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Puppies, Kittens and Circles of Sin – A Spiritual Reflection

Well, here we are in the Third Week of Lent – prayer, fasting and almsgiving. Over the past few weeks I have written on how people in and around St. Monica have taken that admonition seriously within the context of their own “charisms.” They have assisted special needs children in the various All Abilities program. They joined Catholic Relief Services/Helping Hands in packing over 51,100 meals for the African country of Burkina Faso. They have attended daily Mass or spent quiet time in front of the Blessed Sacrament. All good – all admirable.

However, these practices are not about “being good.” Jesus didn’t come to earth to make bad people good. He came to make dead people live. Thus at the heart of these Lenten practices is the acknowledgement of our need for redemption and someone who saves us from our sins and their effects.

Father Dwight Longenecker is a former American Anglican priest who spent most of his life living and working in England. He was brought up in an Evangelical home in Pennsylvania and graduated from the fundamentalist Bob Jones University with a degree in Speech and English and later matriculated at Oxford.

Realizing that he and the Anglican Church were on divergent paths, Fr. Dwight and his family were received into the Catholic Church in 1995. In his blog, Standing On My Head, he has written a series of timely articles about sin and sinfulness that probably need to be considered to help us consider the true meaning of Lent – and Easter.

In his article, Puppies, Kittens and Circles of Sin, Fr. Longenecker’s expressed his thoughts based on his experiences in the Sacrament of Confession – thoughts which I share. It occurred to him that one of the reasons so few Catholics go to confession is that they don’t really think they have done anything wrong and, hence, when they do come to Confession, many make a very poor confession. The first thing they say is, “I’m basically a good person. I haven’t really done anything bad – I haven’t, like, killed anyone or anything” (Priest: “Oh that’s nice. Were you actually planning on that anytime soon?”). Or you hear, “I’m not really sure why I’ve come to Confession because I don’t think I’ve done anything wrong, but I know I probably should come to Confession….”  (Priest: “Really? If you haven’t done anything wrong, why are you here? I tell you what. Why don’t you put on the stole and hear my Confession because I do things wrong all the time!”). Or they make a confession which consists of telling the priest that they “feel bad” about what other people are doing wrong. “I’m sorry that my boss at work was nasty” or I had an unkind thought about my husband/wife and I know that’s not very nice…” You get the idea.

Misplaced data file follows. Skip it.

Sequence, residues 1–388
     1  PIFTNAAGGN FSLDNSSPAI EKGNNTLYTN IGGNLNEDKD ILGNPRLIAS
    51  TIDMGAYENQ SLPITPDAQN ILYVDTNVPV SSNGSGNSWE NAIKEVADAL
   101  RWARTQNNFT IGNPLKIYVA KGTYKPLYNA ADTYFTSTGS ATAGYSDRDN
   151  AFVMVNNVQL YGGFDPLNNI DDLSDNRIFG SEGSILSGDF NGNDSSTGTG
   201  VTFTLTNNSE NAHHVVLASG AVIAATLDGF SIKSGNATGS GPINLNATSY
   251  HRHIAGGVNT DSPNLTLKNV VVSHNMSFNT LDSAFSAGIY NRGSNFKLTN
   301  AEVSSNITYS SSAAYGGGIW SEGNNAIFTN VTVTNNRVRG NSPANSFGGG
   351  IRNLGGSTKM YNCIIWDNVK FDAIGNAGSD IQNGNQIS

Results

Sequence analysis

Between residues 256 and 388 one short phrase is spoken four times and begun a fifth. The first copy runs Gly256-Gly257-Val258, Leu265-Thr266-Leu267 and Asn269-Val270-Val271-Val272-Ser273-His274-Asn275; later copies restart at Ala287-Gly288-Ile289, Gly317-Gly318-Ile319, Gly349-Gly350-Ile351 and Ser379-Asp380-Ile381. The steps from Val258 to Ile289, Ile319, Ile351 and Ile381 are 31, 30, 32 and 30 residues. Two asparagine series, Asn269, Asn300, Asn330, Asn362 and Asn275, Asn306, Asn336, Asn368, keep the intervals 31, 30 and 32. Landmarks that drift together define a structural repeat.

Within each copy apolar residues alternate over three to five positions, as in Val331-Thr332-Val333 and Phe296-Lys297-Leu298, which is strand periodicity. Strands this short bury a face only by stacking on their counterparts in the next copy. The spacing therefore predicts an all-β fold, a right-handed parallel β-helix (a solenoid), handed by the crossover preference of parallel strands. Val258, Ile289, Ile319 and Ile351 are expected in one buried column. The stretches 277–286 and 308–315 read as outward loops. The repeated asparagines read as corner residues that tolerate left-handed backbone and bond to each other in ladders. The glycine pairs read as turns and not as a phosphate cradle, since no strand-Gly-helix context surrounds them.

Now, we’re not blaming the faithful at all. A big part of the problem needs to be squarely laid at the feet of the priests. The faithful have been cheated out of their faith. This is the result of sixty years of “Puppy Dogs and Kitten Confession.” Nobody was ever taught anything about sin and all the talk was about love, sunshine and being God’s children. This was exacerbated by pop psychology which said everybody was OK and if you were unhappy it was your mother’s fault or your father’s fault or because the Fifth Grade nun yelled at you or because somebody at summer camp stepped on your S’more.

Weak minded clergy have swallowed the idea that they shouldn’t talk about sin because that makes people feel guilty and bad and that’s not nice. Or people might take offense, leave the parish, pull their kids out of your school/religious education, collections could go down, etc… But this is like a doctor, who knows you have cancer, saying, “I don’t really like to mention the “C” word because that might make you feel uncomfortable.”

Seriously?

Consequently, many of the faithful are “honestly” ignorant not only about sin, but also about personal responsibility and the consequences of choice. Too many really haven’t got a clue what sin is – and why it matters. If there is no sin, then there is no real choice for good or evil. The result is a sappy, watered down, ineffective – and spiritually dangerous – religion.

It is important to stress that this is NOT to make people feel bad and guilty and try to scare them into heaven. Instead this is an attempt to sharpen our consciences so that we might engage our will and make the right choices. It is only as we engage our conscience and will and say “Yes” to God that we can make real spiritual progress.

 

Next week we will take this idea a bit deeper and seen how such a disordered conscience can even lead to poorly directed public policies.

 

 

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